Fort Wayne is a city of about 220,000 in northeastern Indiana. Like many Midwestern cities, its economy has suffered from the rust-belt syndrome: the steady and occasionally dramatic loss of well-paying manufacturing jobs.

As in many city governments, the “CEO” is an elected position; direct reports to the mayor are all appointed and change with each change in leadership. The remaining 1800 employees are civil service, typically people who have held their jobs for a long time and will continue to do so no matter what happens at the top of the organization.

The official rollout began in February 2000 in a rapid series of actions…

  • Richard set up an executive council that would serve as a deployment team for the city. The council included himself, several of his appointees, Roger Hirt, and Dale Siegelin from the TQM Network. This council laid out a plan about how to get the new methods deployed into city government: how many Black Belts they wanted to have trained, the kind of projects these Black Belts should work on, what departments they would come from, and so on.
  • The division managers (all appointees) and other departmental leaders went through a two-day training session about what Six Sigma is, why it was being deployed into the city government, and what their role would be.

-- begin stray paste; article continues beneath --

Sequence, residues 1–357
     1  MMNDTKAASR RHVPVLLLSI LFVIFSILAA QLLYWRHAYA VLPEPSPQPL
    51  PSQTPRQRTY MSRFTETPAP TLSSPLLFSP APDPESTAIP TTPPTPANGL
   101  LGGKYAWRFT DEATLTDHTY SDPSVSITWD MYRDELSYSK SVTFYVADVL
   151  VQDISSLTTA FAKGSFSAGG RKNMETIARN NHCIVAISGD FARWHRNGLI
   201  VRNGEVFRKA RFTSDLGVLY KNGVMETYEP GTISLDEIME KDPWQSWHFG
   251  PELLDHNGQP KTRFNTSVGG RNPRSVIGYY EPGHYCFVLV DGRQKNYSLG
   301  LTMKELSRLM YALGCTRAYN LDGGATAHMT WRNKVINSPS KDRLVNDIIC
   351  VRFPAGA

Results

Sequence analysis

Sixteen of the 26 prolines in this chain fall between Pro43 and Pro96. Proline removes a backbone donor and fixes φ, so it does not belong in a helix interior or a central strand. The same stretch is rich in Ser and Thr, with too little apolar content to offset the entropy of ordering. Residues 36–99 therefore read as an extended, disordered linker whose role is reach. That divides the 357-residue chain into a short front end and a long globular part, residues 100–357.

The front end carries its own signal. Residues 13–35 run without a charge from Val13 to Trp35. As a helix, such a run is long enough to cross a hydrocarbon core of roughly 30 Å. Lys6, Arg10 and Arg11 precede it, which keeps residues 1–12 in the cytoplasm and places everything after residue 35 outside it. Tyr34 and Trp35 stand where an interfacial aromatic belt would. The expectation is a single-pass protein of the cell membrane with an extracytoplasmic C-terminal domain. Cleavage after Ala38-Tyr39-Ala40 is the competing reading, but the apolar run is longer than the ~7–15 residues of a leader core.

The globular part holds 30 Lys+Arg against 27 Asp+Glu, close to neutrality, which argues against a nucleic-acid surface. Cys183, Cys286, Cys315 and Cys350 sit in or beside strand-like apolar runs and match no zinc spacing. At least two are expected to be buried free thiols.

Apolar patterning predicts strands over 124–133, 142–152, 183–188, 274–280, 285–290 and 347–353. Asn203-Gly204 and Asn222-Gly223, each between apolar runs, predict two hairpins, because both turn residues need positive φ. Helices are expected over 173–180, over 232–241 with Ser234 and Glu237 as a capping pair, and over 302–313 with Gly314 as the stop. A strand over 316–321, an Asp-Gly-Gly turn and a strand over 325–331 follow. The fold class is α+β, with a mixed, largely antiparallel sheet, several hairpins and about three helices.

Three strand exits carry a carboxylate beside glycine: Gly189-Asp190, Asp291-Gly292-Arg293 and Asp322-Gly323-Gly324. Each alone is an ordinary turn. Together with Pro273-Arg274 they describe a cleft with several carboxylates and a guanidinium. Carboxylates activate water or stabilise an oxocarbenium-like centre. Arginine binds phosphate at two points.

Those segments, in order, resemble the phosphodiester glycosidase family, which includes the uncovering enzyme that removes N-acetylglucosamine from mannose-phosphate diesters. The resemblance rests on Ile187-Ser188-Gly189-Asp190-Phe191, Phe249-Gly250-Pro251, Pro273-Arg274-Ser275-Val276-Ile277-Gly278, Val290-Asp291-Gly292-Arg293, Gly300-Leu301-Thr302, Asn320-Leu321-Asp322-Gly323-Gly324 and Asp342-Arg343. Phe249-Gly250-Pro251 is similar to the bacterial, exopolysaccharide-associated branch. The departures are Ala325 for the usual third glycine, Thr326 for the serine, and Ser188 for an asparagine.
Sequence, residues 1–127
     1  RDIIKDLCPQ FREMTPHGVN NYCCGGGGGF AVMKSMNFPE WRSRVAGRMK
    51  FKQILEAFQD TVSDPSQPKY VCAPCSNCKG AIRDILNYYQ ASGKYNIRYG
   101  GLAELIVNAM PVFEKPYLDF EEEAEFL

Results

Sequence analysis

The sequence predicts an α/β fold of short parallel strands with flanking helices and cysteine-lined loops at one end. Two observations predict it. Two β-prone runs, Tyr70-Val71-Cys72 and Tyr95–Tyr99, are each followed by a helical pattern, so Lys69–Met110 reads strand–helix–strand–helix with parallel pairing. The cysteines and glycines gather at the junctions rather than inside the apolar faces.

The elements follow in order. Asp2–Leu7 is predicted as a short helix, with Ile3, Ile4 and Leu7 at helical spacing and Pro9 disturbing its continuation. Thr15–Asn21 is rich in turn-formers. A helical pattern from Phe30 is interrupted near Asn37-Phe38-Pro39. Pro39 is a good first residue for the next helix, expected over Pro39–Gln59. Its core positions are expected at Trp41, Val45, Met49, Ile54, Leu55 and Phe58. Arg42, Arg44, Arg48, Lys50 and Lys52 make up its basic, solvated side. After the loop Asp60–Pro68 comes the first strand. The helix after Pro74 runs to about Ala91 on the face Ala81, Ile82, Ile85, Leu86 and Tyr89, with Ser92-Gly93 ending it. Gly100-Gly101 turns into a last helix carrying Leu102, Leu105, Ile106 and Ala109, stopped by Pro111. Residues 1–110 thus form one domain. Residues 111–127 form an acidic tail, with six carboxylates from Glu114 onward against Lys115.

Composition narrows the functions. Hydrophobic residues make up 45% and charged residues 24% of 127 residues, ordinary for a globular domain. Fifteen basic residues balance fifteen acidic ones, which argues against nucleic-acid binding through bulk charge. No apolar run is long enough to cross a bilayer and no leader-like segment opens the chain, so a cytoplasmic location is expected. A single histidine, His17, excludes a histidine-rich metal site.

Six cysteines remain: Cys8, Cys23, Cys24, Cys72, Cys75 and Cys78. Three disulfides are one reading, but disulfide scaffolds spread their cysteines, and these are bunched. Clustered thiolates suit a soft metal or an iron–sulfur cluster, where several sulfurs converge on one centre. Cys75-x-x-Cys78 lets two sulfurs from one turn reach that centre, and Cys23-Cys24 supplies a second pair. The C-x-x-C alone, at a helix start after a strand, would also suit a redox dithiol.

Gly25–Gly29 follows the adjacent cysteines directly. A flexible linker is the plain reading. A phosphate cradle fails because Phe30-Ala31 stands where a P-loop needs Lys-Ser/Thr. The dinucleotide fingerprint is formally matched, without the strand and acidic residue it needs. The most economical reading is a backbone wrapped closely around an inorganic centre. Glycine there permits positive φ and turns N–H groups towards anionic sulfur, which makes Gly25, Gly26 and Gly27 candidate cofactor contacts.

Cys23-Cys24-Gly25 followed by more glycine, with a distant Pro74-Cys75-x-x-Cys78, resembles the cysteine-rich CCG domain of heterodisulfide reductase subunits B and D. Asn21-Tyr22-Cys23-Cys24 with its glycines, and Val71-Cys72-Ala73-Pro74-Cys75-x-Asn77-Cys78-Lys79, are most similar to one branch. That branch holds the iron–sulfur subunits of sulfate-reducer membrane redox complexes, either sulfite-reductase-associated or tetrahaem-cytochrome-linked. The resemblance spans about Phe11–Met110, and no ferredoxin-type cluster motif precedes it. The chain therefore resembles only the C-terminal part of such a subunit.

• Mayor Richard created a Quality Enhancement Manager position for the city, selecting Michele Hill for the job. She is the first person to become a Black Belt for the city. (In all likelihood, Michele is the first person in the country to be trained and certified as Black Belt while a city government employee.)
  • The second wave of city employees were sent to Black Belt training (there were five people in the second class).
  • Roger Hirt agreed to serve as a coach and mentor for the new Black Belts and to start developing Green Belt training.

Initially, the projects and team leaders were selected by the executive council; now that more people are trained and each department has more experience with Six Sigma, the choice of projects is sometimes left up to the department managers in consultation with their Green Belts. Potential projects continue to be identified based on criteria such as…